Anyone who knows the Lisbon suburbs of the “linha” stretching along the mouth of the Tejo estuary and ending at Cascais will know the town of Carcavelos, with its wide beach and the borough of Oeiras to which the town, once part of Cascais council, belongs. But only those who know a little about the history of winemaking in Portugal know that Carcavelos is, in fact, the smallest demarcated wine region in the country, along with Porto, one of the oldest for fortified wines. Other demarcated regions for fortified wines are Madeira and Setúbal.
Wine has been produced for a very long time, since the 14th century, and today just a few farms still grow the Arinto, Galego Dourado and Ratinho grapes that are vinified at the palace of the Marquês of Pombal in Oeiras.
I have tried this wine a few times over the years, previously labelled Conde de Oeiras but recently rebranded by the producers (the town hall) as Vila Oeiras, apparently to avoid paying royalties to the current count!
Oeiras town council, according to Revista dos Vinhos, spent a few million euros restoring the winery and relaunching the brand. So, what do we get for €17.99 at Apolónia, for a 375cl bottle?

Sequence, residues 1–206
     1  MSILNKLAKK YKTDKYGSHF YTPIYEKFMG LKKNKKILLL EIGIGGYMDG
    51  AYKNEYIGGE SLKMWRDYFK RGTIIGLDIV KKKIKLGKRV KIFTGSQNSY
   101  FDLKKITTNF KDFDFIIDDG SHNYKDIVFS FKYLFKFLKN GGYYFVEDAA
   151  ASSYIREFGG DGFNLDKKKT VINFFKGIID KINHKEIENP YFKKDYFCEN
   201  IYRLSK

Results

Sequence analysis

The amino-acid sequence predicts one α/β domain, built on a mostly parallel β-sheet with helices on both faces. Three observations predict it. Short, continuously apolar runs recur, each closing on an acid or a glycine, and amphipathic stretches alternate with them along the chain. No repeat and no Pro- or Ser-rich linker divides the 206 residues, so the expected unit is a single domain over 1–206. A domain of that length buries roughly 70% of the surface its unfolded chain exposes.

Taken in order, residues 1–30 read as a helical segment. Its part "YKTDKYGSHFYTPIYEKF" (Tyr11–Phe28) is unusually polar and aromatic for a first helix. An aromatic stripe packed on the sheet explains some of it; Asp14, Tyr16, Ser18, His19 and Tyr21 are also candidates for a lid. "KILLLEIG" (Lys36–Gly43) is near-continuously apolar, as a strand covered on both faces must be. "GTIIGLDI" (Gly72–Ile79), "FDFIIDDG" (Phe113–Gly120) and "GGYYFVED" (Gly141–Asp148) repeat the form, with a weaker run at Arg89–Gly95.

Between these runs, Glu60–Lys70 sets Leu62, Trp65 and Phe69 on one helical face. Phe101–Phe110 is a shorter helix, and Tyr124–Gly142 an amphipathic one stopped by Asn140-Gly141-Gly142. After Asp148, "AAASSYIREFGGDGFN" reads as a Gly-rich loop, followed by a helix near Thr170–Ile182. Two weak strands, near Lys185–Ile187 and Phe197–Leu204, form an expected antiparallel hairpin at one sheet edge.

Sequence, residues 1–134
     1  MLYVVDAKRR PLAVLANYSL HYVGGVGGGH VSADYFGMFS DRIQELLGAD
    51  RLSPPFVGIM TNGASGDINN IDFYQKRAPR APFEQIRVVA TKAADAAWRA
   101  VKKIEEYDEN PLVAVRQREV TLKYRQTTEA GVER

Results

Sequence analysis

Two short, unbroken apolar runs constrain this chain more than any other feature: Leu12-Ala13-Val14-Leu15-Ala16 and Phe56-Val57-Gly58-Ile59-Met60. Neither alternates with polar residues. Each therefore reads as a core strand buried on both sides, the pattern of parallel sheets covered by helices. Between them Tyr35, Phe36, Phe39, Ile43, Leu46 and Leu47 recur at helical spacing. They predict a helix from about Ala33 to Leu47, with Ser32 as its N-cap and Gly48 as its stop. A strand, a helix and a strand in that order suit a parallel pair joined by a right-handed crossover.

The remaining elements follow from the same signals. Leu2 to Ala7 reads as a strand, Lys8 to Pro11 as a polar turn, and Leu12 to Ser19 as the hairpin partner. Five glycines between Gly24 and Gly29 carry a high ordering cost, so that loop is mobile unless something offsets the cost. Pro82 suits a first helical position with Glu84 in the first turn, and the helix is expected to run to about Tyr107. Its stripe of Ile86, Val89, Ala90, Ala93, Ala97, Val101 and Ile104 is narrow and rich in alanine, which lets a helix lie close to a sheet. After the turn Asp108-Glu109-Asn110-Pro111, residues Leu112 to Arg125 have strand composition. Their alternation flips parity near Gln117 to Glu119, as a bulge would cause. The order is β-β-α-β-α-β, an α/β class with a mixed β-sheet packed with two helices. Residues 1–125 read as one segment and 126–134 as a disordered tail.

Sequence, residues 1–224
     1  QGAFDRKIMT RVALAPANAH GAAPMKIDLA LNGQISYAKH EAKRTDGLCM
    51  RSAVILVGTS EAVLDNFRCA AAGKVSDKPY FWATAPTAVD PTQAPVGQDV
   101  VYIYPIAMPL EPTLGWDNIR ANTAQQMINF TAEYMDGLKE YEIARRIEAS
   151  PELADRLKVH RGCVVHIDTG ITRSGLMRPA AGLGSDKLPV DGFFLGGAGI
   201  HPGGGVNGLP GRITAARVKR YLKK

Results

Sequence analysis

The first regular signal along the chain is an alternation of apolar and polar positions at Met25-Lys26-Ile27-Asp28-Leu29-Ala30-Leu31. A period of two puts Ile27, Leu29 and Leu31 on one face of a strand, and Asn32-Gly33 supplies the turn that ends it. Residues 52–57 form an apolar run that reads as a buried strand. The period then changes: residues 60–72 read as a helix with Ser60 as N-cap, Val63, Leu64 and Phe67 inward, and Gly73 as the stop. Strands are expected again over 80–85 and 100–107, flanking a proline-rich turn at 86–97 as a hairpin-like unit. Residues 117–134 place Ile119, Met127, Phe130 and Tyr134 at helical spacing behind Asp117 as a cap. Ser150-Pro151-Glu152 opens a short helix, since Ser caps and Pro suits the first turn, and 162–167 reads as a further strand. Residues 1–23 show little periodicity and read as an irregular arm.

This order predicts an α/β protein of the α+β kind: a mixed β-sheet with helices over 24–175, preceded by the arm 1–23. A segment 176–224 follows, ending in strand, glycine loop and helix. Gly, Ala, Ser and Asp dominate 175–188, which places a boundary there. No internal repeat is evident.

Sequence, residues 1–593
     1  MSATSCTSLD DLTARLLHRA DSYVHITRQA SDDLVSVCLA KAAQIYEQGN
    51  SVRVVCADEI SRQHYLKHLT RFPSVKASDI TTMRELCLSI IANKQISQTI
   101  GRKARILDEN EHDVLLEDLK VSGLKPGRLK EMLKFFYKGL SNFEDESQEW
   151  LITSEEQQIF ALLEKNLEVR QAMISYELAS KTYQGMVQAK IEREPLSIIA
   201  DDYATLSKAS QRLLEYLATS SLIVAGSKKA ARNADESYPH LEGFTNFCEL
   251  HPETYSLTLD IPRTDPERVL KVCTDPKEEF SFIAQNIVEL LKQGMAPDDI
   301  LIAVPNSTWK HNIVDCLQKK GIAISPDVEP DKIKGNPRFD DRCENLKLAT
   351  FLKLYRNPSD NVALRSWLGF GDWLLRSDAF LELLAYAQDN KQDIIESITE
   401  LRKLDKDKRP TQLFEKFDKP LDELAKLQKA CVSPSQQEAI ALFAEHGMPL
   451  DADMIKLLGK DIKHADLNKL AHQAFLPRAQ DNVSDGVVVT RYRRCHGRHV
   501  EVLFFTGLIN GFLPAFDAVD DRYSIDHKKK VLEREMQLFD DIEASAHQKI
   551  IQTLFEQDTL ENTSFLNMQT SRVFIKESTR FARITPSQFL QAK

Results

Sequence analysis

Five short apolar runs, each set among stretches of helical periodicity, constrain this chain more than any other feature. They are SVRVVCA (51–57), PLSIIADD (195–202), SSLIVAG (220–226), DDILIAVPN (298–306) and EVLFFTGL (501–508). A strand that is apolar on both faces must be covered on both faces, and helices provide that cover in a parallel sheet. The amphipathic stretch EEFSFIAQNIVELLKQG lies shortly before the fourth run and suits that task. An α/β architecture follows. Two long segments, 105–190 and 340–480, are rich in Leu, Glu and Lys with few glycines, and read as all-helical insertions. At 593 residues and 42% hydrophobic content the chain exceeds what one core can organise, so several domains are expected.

Well, euro for euro and given the size of the bottle, there are Tawny ports, Moscatel wines from Setúbal and aged Madeiras out there that can give it a run for its money, not to mention good sweet Oloroso Sherries from across the border. But that is really not the point.
This is a luscious and elegant fortified wine, aged for 10 years in both chestnut and oak barrels, an excellent match for cheese and fruit cake, but, more importantly, by buying a bottle of this wine, you are supporting the regeneration of a tiny wine producing region that may well have disappeared from the map.
By PATRICK STUART [email protected]